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Pastryman

Immersion in Video Games

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While playing STALKER I realized that there aren't too many games that try to be immersive, in the sense of putting you into a world that makes you feel as if you are actually there. Back in the day Morrowind was the best that we had, but it never really went much further than that. STALKER for instance has a great ambience with the weather effects and gritty mood, but it doesn't quite go far enough. All of the characters feel bland with the same exact speech, and buildings feel empty with little to no detail in objects. I wanted to know what you could do in a game to make it truly the most immersive experience yet.

The concept here is to build a game that would be the ultimate immersive experience. By basing the game to achieve only this goal can it be successful.

The game takes place in a small closed environment: A village, a fortress, an island etc. By some unknown (and perhaps never revealed) reason, you are constrained to this area because of creatures that lurk beyond. For this example, we will use a village.

There will be highly interact-able humans that inhabit the zone, but only a few. Only 10-20 characters would be present throughout the entire game. These characters would form a breathing village network with a blacksmith, an alchemist, a few herbalists, an innkeeper, a few farmers, soldiers, etc. All of them will have extensive voiced dialogue events to every action in the game (without being repetitive). The goal with the speech would be to have them never repeat a line of dialogue for the rest of the play through. Single voice actors would do the speech for major characters, while some voice actors would be assigned to 2 or 3 minor characters (though the concept here is that every character is important). Characters would work on a weekly schedule, where every day they have tasks that they will carry out such as sleeping, eating food, etc. The blacksmith would grab ores and metals from his workhouse and walk outside on the counter to build swords. The herbalists would go outside and pick flowers and plants in the daylight. The soldiers would close the gates at dusk and ready their battle stations by night. Then the creatures would come.

The rpg elements of the game would be limited to the inventory and job selection. The character would be able to purchase armors or weapons (if they choose to play offensively) or even herbs and cooking utensils if they don’t favor playing a combat hero. By looting fallen enemies and exploring the outskirts of the village the player can find materials to bring into town to give to specific villagers for new items. The player and all characters will have to eat every few hours, where they will have to eat in real time (a piece of bread would take about 30 seconds to chew, a potato stew about 5 minutes). The player and characters will also have to sleep or else their performance in all tasks becomes clumsy (shooting a bow after not sleeping for 2 days would be difficult, as well as chopping a tree for lumber). Every item in the game could be used for a variety of things: forks can be used to eat, candles can be lit for illumination, etc.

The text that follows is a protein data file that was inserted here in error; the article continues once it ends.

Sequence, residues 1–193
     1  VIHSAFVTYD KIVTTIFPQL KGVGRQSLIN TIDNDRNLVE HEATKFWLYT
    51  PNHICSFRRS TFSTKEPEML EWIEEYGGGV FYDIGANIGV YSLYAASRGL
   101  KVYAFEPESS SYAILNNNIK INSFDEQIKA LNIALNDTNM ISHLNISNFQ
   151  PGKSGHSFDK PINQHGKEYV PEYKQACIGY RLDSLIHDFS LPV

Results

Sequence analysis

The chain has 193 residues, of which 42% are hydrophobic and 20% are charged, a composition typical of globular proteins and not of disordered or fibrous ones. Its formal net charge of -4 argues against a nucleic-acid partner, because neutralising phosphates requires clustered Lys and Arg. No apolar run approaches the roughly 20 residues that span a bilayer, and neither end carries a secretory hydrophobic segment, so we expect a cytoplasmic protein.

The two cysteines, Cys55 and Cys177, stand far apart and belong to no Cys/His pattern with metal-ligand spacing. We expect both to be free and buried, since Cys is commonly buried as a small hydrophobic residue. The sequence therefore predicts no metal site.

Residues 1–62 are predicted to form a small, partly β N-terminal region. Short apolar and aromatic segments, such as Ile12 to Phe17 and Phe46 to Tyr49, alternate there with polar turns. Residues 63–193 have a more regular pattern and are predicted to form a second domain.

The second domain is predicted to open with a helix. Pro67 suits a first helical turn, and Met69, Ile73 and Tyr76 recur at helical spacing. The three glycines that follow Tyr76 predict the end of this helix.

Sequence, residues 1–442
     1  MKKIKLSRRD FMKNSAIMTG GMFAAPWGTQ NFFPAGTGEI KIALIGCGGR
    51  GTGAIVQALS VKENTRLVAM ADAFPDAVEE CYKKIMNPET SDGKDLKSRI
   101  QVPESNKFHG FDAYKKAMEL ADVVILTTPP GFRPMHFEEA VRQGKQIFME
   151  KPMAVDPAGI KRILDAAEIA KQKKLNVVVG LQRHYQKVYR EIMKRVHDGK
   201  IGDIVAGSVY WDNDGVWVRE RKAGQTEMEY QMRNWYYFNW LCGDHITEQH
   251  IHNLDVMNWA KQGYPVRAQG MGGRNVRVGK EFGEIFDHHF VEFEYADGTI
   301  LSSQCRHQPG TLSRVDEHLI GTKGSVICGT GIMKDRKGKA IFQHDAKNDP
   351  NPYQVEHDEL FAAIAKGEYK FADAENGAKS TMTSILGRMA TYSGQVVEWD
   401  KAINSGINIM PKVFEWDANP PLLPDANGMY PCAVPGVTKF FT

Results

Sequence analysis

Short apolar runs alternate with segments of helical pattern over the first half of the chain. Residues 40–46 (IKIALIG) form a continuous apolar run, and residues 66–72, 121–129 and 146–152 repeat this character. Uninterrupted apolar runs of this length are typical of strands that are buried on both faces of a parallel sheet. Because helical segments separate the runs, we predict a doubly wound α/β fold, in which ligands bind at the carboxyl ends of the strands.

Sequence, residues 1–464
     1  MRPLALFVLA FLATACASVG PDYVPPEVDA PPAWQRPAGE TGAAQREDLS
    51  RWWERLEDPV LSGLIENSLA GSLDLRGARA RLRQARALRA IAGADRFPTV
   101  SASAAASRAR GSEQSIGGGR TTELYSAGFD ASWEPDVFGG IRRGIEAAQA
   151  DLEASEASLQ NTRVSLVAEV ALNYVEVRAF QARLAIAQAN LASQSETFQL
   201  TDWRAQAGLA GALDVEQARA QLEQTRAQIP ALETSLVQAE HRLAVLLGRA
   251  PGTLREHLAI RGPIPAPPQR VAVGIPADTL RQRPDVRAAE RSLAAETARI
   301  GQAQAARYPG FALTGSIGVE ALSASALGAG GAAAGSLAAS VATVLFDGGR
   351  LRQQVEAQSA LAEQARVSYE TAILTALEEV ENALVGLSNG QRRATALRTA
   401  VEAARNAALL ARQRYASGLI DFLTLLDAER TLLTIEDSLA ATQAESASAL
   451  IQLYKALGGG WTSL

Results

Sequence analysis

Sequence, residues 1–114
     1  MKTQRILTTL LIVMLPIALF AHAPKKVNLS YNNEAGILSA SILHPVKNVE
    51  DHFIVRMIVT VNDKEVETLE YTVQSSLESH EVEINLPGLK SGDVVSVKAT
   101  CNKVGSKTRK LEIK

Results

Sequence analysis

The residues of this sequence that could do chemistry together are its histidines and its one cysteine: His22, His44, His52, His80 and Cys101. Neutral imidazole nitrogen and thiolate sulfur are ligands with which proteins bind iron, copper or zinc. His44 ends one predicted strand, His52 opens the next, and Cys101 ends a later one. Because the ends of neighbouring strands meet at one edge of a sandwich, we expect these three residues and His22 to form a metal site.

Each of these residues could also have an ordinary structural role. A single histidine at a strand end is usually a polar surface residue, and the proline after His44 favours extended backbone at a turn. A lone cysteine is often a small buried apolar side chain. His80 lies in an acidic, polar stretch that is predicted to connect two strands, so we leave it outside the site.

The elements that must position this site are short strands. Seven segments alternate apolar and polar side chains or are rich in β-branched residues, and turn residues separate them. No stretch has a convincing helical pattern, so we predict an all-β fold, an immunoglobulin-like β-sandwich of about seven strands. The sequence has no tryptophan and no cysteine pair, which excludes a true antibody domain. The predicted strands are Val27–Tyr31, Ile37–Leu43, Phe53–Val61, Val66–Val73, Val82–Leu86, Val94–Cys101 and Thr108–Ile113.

The ambience would be groundbreaking. Advanced lighting and weather effects would make the environment seem to come to life. Houses would be decorated uniquely without cookie-cutter presets. Wind would blow leaves off trees and push wheelbarrows down the road. Crows would circle the skies and land to eat the scraps of bread left in front of the bakery. Thunder would shake the panels in the walls and push plates crashing off the cupboards.

The horror elements take place once the sun sets. Unidentifiable creatures of demented form would arise to terrorize the village. There would be many varieties of the creatures with randomly generated features. When in a group the creatures would be nearly impossible to defeat alone, so being near village soldiers would be crucial. Soldiers would be able to be recruited to travel outside the town’s boundaries (though most would refuse unless the sun is up). If a character is killed, they stay dead. If the soldiers are caught in a bad position, the entire village can easily be slaughtered. By this concept is where the replayability of the game would spawn from.

The game would span the time of a few weeks. One entire play through would be anywhere from 1 to about 15 hours. An entire day cycle would be a little less than an hour. The game would have a set ending of surviving the onslaught. Through clever manipulation of town’s people and objects found in the game the player can successfully find a way to outsmart the creatures and finally leave the village.